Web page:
healthy city

Should FMs Take Responsibility for Healthy Communities? 

  November 4, 2019

By Greg Zimmerman

One of my favorite stories I worked on this year was a profile cover story of Corey Zarecki, a facility executive at Gundersen Health System in La Crosse, Wis. Zarecki has worked on a ton of fascinating energy efficiency and renewable energy initiatives.

But it was something Zarecki said about what he sees as the mission of buildings in his organization that has stuck with me. He said the reason Gundersen Health System is so focused on environmental issues is that, as a healthcare organization, it’s not only their responsibility to treat sick patients, but also to be proactive in keeping the communities in which they’re established healthy. That is, the focus on energy efficiency and renewable energy means that less fossil fuel is burned, meaning fewer pollutants in the air, which results in healthier communities. 

What a fascinating notion of corporate responsibility: That healthy, environmentally sustainable buildings lead to healthier people in the community, and therefore overall healthier communities.

This idea is also the topic of the second episode of the U.S. Green Building Council’s Built for Health podcast. In the episode, host Flavia Grey connects with Andy Dannenberg, affiliate professor at the University of Washington School of Public Health, and Mark Delisi, vice president of corporate responsibility at AvalonBay Communities, discuss how healthy communities are those in which help people are able to thrive.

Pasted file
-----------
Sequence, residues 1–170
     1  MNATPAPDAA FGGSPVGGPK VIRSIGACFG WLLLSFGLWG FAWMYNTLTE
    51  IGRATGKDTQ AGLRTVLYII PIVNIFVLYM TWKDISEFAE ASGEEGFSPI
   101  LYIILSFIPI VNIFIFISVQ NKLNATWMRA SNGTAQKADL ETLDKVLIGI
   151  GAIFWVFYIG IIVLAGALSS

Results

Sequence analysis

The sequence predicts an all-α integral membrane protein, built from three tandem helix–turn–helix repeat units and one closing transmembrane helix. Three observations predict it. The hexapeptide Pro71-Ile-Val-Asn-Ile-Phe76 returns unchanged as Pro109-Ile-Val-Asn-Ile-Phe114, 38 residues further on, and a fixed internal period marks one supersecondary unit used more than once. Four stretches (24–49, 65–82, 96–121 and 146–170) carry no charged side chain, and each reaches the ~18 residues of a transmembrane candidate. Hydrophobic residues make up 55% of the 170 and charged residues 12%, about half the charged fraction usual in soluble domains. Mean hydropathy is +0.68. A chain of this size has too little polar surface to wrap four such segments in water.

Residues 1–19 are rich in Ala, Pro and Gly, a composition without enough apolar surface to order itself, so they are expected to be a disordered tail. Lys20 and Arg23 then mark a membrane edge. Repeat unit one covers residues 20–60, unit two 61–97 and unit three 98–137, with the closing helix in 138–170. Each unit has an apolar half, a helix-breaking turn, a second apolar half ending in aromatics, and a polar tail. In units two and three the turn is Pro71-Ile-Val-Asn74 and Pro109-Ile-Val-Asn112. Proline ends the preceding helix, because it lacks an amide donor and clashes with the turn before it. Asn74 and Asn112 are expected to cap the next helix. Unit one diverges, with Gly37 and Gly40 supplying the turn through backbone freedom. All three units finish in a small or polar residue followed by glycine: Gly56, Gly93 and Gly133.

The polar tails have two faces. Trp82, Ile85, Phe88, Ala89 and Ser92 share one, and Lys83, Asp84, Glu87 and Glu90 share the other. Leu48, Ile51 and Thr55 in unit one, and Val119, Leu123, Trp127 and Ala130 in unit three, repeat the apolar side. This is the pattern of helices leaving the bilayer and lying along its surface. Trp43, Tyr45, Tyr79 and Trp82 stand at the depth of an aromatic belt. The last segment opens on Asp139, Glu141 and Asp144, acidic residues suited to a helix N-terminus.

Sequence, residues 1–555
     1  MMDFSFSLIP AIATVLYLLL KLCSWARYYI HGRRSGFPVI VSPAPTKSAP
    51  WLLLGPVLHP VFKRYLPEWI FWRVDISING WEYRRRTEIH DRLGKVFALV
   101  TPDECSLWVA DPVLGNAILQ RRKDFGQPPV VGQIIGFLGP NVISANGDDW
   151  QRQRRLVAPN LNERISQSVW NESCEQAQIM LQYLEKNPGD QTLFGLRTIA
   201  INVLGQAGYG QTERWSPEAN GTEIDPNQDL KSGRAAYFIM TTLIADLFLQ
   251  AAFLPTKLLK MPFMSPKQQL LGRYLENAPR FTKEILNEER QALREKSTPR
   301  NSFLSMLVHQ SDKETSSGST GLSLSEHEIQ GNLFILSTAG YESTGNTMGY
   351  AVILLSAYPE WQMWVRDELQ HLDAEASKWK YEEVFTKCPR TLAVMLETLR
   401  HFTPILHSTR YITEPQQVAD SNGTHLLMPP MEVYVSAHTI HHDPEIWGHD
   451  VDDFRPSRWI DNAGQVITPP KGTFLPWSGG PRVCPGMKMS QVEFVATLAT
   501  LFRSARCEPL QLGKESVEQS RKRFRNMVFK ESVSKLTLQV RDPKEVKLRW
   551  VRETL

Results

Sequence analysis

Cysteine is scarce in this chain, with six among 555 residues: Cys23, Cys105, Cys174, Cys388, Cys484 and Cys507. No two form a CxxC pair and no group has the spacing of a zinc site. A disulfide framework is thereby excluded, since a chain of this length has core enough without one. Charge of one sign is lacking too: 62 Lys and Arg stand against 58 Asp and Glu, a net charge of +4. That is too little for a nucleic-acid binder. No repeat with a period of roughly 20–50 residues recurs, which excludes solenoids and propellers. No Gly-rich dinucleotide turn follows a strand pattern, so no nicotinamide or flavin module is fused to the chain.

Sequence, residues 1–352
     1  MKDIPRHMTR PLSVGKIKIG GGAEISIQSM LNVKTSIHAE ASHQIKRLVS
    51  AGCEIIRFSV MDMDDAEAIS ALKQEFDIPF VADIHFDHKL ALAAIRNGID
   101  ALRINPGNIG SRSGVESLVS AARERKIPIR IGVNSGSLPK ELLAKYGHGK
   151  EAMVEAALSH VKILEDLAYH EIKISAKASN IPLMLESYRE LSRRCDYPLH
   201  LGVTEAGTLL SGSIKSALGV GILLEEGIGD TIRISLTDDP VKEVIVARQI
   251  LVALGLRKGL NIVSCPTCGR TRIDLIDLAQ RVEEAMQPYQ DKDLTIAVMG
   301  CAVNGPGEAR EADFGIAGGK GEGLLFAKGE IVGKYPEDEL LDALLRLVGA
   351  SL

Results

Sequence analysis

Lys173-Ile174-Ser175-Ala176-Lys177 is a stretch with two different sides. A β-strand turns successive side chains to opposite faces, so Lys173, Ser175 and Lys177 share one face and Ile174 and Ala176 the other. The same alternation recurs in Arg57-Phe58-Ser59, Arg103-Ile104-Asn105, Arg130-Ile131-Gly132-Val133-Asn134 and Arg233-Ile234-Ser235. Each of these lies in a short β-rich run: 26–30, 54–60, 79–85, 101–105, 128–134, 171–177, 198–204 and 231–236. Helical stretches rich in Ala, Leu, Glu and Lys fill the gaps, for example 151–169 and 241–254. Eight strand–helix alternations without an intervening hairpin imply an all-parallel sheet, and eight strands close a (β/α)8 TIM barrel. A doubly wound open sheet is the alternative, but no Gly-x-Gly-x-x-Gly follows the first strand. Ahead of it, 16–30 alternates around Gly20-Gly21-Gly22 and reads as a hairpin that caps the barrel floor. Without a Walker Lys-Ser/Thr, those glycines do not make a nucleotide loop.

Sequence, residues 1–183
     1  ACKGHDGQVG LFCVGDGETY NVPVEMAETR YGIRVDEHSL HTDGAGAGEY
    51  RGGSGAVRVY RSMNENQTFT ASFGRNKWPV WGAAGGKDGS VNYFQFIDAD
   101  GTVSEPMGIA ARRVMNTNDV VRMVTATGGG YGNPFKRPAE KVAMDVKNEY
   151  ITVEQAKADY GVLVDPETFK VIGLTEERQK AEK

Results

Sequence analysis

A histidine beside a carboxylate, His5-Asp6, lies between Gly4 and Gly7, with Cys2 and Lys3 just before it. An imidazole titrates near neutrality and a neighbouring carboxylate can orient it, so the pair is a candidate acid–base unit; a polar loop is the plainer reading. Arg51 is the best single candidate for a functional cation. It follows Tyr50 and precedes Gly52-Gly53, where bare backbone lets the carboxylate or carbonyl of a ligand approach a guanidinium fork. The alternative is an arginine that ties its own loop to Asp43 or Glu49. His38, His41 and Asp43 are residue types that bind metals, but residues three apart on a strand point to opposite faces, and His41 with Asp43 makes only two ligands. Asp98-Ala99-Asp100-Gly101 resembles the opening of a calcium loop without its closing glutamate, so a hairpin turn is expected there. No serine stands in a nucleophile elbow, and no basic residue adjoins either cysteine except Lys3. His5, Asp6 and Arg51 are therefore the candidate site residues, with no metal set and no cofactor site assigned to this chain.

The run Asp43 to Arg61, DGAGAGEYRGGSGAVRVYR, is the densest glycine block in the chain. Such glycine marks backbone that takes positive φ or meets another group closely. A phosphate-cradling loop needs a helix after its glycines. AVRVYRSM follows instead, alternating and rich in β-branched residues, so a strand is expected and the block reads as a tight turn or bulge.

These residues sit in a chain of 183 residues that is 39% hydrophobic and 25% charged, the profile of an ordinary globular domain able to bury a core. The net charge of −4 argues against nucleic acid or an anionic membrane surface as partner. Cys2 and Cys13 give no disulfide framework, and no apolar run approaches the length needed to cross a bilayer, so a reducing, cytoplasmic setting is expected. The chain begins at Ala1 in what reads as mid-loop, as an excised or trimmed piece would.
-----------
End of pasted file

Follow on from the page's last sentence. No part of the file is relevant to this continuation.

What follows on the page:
The conclusion is the same as the idea Zarecki put forward: By fostering a sense of community through design and public health strategies, designers and facility managers alike stand to make a significant difference in the well-being of individuals, families, and the entire populations.

This post was submitted by Greg Zimmerman, executive editor, Building Operating Management and FacilitiesNet.com. Read his cover story about Chris Walinski and his mission to make open offices flexible and productive


Read next on FacilitiesNet